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Our Great Big Backyard

Our calling to be better Canadians starts with more national news.

“Canadians love causes,” Stó:lō First Nations poet and author Lee Maracle says, “but they love the causes that are far away – out of their backyard, so to speak.” That indictment comes from her book My Conversations with Canadians, which details observations born from discussions with people across the country. Though her book was published pre-pandemic, Maracle would not be surprised by the causes that Canadians continue to love – even in the midst of COVID-19.

While our borders with the United States have been closed for over 10 months, this physical closure does not appear to decrease the amount of attention we pay to our southern neighbours. For even as we tuned in more provincially to understand COVID-19 case counts, gathering restrictions, and hospitalization numbers in our local areas, much Canadian news media, social media streams, and dinner-time discussions last year were still dominated by conversation over the Trump administration’s response to the pandemic, ongoing racial injustice in the States (and the renewed attention to it sparked by the tragic death of George Floyd), and a contentious American election.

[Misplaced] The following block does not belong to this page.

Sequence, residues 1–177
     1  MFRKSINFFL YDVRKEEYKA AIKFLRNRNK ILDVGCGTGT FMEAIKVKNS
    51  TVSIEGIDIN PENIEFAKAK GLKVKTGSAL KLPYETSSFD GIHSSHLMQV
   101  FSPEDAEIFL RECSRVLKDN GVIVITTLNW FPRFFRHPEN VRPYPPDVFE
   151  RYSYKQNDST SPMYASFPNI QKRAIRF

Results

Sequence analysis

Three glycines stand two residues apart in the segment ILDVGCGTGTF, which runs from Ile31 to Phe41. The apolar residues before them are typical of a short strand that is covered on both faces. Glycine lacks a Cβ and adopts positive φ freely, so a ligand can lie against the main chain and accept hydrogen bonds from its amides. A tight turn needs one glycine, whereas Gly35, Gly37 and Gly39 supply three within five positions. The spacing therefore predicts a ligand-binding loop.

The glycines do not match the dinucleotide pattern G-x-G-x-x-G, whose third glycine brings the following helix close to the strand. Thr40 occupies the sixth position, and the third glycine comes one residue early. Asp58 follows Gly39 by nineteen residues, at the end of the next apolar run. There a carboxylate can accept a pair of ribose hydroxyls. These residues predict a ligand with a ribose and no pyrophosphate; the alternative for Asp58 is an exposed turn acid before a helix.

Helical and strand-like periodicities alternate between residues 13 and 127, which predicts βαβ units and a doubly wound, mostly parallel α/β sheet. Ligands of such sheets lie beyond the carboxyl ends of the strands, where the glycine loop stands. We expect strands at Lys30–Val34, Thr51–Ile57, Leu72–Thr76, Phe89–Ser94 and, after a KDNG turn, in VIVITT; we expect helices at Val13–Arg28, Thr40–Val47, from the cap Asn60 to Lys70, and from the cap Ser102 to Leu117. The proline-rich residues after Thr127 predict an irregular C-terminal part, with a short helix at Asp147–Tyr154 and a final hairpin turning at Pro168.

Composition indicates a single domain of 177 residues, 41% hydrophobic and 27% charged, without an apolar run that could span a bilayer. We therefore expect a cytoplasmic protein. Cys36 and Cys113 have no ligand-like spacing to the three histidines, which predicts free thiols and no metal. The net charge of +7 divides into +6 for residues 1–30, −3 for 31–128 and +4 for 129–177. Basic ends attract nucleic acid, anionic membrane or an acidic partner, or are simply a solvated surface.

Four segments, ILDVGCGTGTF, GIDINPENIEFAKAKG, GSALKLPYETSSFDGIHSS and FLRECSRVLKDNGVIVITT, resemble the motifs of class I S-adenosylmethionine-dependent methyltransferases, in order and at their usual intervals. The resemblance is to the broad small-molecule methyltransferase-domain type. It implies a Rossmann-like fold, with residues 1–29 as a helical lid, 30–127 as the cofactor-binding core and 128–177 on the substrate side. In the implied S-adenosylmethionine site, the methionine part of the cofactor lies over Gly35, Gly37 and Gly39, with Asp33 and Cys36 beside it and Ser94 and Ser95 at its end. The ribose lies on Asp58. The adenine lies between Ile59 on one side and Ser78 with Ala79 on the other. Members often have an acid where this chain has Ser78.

This hyper-focus on American affairs has long been a part of Canadian culture and landscape, and some of it is certainly justified. Even those of us who were not alive during Pierre Trudeau’s time in office have heard his words from 1969, which Canadians like to cite in defense of our seeming-obsession with the U.S.: “Living next to [the United States] is in some ways like sleeping with an elephant,” the elder Trudeau said. “No matter how friendly and even-tempered is the beast, if I can call it that, one is affected by every twitch and grunt.”

Even so, despite our geographical proximity, cultural affinity and economic interdependence, it is possible that Canadians give the elephant and its twitches more weight than it’s due.

Which names do you recognize?

Joyce Echaquan with her last baby. Photo credit: Carol Dubé.

Last spring, just before the United States was wracked with protests in the wake of George Floyd’s death, at least four Black, Indigenous and people of colour died in Canada in incidents with which police were involved. While Americans reckoned with deep-seated systemic injustice with the killing of Breonna Taylor and the subsequent investigation, Joyce Echaquan, an Indigenous woman, died in hospital in Quebec with the degrading words of medical staff some of the last she heard. While the film Selma was being streamed for free in Canada so that people could learn more about the history of the civil rights movement in America, we marked the 30th anniversary of the Oka crisis. While a confirmation hearing for Amy Coney Barrett’s seat on the Supreme Court of the United States dominated headlines, the conflict between the Wet’suwet’en Nation, the Canadian government and Coastal Gaslink continued in the shadow of our own Supreme Court’s ruling in Delgamuukw v. The Queen. While images of little Ruby Bridges were juxtaposed next to that of Kamala Harris, even on the front page of Canadian newspapers, Leslyn Lewis became the second woman of colour to run for the leadership of a national political party in Canada. And when all eyes were fixed on the outcome of the 2020 U.S. election, Miꞌkmaq fishers in Nova Scotia were struggling to remind Canadians and our government of historic treaties and promises.